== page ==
Barclays has reported a heavy loss for the second quarter, hit by the one-off costs of a big disposal in Africa and a further knock from mis-selling payment protection insurance to UK customers.

Missing analysts’ expectations, overall revenues decreased 15 per cent to £5.06bn, while the bank slid to an attributable loss of £1.4bn, compared to a profit of £677m in the year-ago period. Analysts had on average expected revenues of £5.28bn and profits of £727m.

The bank reported a mixed performance at its large investment bank, where revenues fell 10 per cent and profits were down 30 per cent.

Its fixed income trading revenues declined 14.6 per cent, while equities trading revenues rose 12 per cent and banking revenues from advising clients on deals and capital raisings was flat.

Barclays slightly beat the average 17 per cent fall in fixed-income trading across the big US banks, which reported earnings last week. Its performance in equities was better than the collective 2 per cent rise across the big US banks.

The results add to the impression that European investment banks are failing to regain lost ground on their US rivals after Deutsche Bank unveiled another disappointing showing on Thursday.

Barclays’ separate UK operations generated a 6.3 per cent fall in revenues and slid to a loss of £285m, hurt by the £700m hit from the extra PPI provision.

Jes Staley, Barclays chief executive, said: “Our business is now radically simplified, the restructuring is complete, our capital ratio is within our end-state target range, and while we are also working to put conduct issues behind us, we can now focus on what matters most to our shareholders: improving group returns.”

Since taking charge of Barclays in December 2015, Mr Staley has shrunk the bank to focus on its two core markets of the UK and US, while selling most of its century-old presence in Africa to boost its flagging capital position.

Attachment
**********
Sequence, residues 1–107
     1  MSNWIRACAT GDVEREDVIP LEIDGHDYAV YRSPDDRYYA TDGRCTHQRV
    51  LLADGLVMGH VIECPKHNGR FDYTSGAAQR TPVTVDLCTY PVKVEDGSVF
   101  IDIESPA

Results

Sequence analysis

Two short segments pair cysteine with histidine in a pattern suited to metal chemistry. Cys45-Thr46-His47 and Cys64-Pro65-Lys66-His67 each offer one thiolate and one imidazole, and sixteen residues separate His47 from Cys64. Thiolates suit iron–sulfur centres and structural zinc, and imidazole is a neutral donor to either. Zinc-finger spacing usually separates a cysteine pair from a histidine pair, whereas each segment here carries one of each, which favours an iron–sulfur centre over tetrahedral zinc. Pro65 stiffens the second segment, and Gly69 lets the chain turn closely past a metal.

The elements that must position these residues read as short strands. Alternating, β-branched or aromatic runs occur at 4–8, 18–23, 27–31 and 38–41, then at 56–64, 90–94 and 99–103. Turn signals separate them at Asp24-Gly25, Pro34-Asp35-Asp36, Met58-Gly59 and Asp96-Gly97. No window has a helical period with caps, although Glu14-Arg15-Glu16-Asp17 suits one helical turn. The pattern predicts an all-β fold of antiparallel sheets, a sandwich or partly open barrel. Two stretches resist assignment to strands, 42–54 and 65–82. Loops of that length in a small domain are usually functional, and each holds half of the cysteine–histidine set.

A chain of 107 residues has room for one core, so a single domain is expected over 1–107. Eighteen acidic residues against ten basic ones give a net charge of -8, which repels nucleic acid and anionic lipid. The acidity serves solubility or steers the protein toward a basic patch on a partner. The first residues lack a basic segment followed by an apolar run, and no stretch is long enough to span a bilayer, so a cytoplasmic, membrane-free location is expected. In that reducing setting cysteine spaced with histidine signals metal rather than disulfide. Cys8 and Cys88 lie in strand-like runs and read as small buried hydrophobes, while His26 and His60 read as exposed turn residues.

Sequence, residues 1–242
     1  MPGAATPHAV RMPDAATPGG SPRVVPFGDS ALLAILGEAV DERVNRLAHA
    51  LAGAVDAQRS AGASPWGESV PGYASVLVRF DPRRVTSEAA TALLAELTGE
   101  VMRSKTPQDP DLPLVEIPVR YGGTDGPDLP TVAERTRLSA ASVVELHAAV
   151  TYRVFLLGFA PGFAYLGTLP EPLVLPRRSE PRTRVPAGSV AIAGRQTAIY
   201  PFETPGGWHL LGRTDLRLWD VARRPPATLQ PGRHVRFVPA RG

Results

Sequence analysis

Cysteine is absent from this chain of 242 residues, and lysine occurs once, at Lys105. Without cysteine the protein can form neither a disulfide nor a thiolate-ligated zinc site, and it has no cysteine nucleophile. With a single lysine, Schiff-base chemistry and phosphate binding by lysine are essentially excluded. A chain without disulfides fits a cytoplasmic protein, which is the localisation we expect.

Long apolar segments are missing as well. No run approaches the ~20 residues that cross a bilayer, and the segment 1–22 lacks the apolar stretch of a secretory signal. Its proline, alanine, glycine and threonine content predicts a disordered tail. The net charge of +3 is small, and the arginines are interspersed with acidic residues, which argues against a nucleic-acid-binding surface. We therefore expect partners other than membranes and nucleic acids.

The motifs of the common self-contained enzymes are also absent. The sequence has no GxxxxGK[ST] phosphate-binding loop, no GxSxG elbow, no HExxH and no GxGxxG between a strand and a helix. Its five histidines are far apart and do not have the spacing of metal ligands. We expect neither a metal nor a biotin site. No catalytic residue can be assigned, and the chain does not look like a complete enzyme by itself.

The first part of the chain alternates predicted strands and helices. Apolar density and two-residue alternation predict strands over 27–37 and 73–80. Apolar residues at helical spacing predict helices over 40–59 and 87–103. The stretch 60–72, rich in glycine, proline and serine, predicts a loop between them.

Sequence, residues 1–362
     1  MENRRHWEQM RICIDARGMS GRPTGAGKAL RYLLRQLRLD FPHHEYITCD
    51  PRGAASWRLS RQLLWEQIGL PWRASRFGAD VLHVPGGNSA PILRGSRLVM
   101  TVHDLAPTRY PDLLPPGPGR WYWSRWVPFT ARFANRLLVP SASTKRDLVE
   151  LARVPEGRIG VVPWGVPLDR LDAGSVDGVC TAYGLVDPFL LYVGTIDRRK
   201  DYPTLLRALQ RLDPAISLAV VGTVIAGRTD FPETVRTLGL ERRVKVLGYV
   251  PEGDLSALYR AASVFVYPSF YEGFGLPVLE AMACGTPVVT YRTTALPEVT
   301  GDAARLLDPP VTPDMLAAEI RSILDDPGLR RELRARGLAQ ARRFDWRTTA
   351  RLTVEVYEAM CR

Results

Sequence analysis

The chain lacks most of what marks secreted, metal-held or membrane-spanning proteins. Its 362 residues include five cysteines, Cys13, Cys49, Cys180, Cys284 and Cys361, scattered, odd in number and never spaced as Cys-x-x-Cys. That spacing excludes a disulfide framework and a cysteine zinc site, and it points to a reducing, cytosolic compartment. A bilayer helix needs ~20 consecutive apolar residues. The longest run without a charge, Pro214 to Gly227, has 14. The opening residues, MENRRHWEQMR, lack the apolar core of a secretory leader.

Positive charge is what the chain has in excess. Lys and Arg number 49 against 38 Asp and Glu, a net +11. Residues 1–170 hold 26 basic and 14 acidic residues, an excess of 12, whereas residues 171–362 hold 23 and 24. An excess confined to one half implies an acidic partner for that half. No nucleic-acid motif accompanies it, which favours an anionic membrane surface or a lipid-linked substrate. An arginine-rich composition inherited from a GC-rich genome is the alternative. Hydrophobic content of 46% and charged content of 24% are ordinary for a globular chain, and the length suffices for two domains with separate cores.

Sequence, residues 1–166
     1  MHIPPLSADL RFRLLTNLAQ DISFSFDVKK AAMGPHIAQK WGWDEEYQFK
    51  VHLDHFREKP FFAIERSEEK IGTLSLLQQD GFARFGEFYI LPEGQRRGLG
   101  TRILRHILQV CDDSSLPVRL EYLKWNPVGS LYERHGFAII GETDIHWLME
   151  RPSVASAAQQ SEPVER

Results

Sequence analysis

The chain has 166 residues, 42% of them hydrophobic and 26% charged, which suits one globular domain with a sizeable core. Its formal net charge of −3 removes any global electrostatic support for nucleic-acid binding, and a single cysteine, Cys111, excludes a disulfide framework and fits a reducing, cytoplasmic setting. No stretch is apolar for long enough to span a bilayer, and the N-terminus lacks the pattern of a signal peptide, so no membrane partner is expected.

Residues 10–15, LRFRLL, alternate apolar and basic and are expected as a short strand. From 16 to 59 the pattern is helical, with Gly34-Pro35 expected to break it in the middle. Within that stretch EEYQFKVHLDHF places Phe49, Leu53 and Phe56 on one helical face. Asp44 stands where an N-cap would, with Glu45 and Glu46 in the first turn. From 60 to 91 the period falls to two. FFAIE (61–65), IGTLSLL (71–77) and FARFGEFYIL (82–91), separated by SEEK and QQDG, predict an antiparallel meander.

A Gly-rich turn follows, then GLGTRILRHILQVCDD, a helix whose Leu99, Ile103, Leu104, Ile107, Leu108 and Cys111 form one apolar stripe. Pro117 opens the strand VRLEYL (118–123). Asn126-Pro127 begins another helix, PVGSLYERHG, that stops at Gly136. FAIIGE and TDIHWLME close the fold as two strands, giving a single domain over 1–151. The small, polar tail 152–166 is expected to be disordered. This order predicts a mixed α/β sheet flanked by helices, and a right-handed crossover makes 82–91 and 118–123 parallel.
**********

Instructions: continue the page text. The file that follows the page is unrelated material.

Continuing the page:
The bank’s common equity tier one ratio, a key indicator of capital strength, was 13.1 per cent at the end of June, up from 12.5 per cent in March. That is above analysts expectations of 12.8 per cent and in line with its own 13 per cent target.

The Barclays boss now hopes to put the group back on the front foot after many years of job cuts and asset sales. On Friday the bank said it had shut down its non-core after it offloaded most of the £400bn of toxic assets assigned to it three years ago.

The bank’s return on tangible equity fell slightly to 4.6 per cent in the quarter, far below its cost of capital.

Barclays recorded a £2.5bn hit from selling a 33 per cent stake in its African operations, which it achieved with a placement to institutional investors two months ago in a deal designed to boost capital.

The extra £700m provision for PPI mis-selling is a further sign that even though the regulator has set an August 2019 deadline for customer claims the scandal continues to haunt the big banks.

Barclays has now put aside a total of £9.1bn to cover the cost of compensating customers who bought PPI. On Thursday, Lloyds put aside another £1.1bn for PPI redress. The total cost for UK banks is now close to £40bn.

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